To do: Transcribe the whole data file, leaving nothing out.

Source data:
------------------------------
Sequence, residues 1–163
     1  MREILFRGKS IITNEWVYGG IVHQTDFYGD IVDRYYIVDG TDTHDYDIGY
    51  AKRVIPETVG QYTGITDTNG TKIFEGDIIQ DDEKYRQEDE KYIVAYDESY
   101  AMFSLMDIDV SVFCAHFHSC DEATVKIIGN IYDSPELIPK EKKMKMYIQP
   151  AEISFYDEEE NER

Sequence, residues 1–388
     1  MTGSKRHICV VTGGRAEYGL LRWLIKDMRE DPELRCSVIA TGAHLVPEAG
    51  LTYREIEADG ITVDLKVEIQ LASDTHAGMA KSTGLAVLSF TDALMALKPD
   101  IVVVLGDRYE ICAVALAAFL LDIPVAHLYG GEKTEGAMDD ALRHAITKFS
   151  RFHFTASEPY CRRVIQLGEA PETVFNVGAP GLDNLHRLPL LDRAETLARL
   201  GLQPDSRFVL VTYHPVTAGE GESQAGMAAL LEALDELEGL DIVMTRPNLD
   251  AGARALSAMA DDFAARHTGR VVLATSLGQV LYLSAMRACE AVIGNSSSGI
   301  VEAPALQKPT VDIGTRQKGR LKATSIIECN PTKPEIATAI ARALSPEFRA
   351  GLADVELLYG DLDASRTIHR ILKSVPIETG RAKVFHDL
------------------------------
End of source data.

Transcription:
Sequence, residues 1–163
     1  MREILFRGKS IITNEWVYGG IVHQTDFYGD IVDRYYIVDG TDTHDYDIGY
    51  AKRVIPETVG QYTGITDTNG TKIFEGDIIQ DDEKYRQEDE KYIVAYDESY
   101  AMFSLMDIDV SVFCAHFHSC DEATVKIIGN IYDSPELIPK EKKMKMYIQP
   151  AEISFYDEEE NER

Sequence, residues 1–388
     1  MTGSKRHICV VTGGRAEYGL LRWLIKDMRE DPELRCSVIA TGAHLVPEAG
    51  LTYREIEADG ITVDLKVEIQ LASDTHAGMA KSTGLAVLSF TDALMALKPD
   101  IVVVLGDRYE ICAVALAAFL LDIPVAHLYG GEKTEGAMDD ALRHAITKFS
   151  RFHFTASEPY CRRVIQLGEA PETVFNVGAP GLDNLHRLPL LDRAETLARL
   201  GLQPDSRFVL VTYHPVTAGE GESQAGMAAL LEALDELEGL DIVMTRPNLD
   251  AGARALSAMA DDFAARHTGR VVLATSLGQV LYLSAMRACE AVIGNSSSGI
   301  VEAPALQKPT VDIGTRQKGR LKATSIIECN PTKPEIATAI ARALSPEFRA
   351  GLADVELLYG DLDASRTIHR ILKSVPIETG RAKVFHDL